Spengler's Ominous Prophecy

An interbellum German intellectual's work is a powerful warning to Americans about the perils of our interventionist foreign-policy trajectory.

Issue: Jan-Feb 2013

A QUESTION haunts America: Is it in decline on the world scene? Foreign-policy discourse is filled with commentary declaring that it is. Some—Parag Khanna’s work comes to mind—suggests the decline is the product of forces beyond America’s control. Others—Yale’s Paul Kennedy included—contend that America has fostered, at least partially, its own decline through “imperial overstretch” and other actions born of global ambition. Still others—Robert Kagan of the Brookings Institution and Stratfor’s George Friedman, for example—dispute that America is in decline at all. But the question is front and center and inescapable.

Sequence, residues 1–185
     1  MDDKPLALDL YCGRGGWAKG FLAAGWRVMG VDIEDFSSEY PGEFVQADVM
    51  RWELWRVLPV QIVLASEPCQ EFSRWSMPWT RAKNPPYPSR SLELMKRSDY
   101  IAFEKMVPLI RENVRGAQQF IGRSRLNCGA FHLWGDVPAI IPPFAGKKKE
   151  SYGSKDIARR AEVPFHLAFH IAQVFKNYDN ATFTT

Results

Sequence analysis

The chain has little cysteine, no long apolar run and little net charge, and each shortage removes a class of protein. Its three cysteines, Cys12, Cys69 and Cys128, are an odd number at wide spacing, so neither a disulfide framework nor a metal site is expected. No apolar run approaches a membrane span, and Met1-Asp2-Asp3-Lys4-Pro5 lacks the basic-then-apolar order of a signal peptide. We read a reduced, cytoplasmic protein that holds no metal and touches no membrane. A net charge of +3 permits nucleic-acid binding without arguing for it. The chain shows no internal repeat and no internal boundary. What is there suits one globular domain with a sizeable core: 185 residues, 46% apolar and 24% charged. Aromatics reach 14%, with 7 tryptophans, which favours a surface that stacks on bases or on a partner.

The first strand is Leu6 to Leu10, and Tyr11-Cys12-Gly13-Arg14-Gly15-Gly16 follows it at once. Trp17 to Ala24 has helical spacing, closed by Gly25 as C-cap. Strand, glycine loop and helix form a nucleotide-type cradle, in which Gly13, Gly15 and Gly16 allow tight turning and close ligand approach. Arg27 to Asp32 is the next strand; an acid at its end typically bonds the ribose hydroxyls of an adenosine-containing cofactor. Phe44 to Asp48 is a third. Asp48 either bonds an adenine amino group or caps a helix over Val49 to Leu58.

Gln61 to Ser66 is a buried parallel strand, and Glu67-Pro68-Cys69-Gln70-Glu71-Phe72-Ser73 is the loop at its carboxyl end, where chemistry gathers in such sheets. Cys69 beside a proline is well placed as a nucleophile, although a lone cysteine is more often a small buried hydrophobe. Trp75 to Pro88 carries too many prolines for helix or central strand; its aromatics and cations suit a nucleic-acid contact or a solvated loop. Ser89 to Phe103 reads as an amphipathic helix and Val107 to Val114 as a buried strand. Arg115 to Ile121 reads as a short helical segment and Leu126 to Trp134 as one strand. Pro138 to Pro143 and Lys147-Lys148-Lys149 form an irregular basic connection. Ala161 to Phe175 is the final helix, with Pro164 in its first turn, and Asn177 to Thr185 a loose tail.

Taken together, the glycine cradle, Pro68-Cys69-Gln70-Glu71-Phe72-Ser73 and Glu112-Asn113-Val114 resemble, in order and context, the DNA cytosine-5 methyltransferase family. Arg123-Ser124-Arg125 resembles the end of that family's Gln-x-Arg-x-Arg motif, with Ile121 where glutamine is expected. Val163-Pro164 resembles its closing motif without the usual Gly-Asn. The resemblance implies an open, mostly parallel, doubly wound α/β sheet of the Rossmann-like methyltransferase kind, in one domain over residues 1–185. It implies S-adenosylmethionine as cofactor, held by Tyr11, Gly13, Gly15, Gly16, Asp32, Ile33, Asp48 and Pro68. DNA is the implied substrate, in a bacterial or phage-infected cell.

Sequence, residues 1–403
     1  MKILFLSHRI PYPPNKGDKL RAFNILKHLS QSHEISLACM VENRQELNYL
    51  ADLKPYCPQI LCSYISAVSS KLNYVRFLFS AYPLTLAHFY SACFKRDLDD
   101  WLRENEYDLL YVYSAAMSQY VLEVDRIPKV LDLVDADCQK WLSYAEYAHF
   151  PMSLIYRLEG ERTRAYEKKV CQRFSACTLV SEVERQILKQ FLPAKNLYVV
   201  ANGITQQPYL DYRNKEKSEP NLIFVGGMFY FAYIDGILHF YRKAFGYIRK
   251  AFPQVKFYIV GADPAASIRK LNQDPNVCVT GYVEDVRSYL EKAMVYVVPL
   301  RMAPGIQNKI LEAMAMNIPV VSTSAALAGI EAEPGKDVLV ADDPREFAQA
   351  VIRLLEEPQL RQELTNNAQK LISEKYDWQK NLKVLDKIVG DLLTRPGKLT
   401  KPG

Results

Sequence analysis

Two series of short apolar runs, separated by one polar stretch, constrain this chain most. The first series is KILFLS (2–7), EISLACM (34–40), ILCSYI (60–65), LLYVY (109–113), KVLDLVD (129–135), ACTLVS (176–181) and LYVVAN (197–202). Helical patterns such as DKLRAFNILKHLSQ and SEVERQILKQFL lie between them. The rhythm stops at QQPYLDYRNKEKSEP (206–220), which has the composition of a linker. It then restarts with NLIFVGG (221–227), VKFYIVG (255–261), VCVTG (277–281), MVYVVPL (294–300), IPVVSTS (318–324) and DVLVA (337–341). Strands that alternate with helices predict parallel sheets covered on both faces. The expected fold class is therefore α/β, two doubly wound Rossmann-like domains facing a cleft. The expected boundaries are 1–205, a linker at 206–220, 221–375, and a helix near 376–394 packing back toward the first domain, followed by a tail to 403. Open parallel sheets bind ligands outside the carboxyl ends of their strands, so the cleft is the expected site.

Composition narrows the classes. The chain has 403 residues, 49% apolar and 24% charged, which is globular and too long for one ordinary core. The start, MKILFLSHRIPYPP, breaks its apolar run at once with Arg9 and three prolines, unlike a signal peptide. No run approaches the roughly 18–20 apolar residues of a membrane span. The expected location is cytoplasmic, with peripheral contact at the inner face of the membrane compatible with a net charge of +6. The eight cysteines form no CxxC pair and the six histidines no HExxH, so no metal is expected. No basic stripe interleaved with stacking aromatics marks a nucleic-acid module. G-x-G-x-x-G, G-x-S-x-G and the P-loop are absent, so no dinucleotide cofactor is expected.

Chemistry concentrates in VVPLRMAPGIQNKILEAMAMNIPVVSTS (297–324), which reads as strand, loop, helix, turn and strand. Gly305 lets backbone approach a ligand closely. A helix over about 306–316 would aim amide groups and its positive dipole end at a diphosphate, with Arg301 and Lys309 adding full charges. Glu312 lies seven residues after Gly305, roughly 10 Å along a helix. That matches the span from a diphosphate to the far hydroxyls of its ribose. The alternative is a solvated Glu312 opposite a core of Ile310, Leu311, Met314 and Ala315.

You must be a subscriber of The National Interest to access this article. If you are already a subscriber, please activate your online access. Not a subscriber? Become a subscriber today!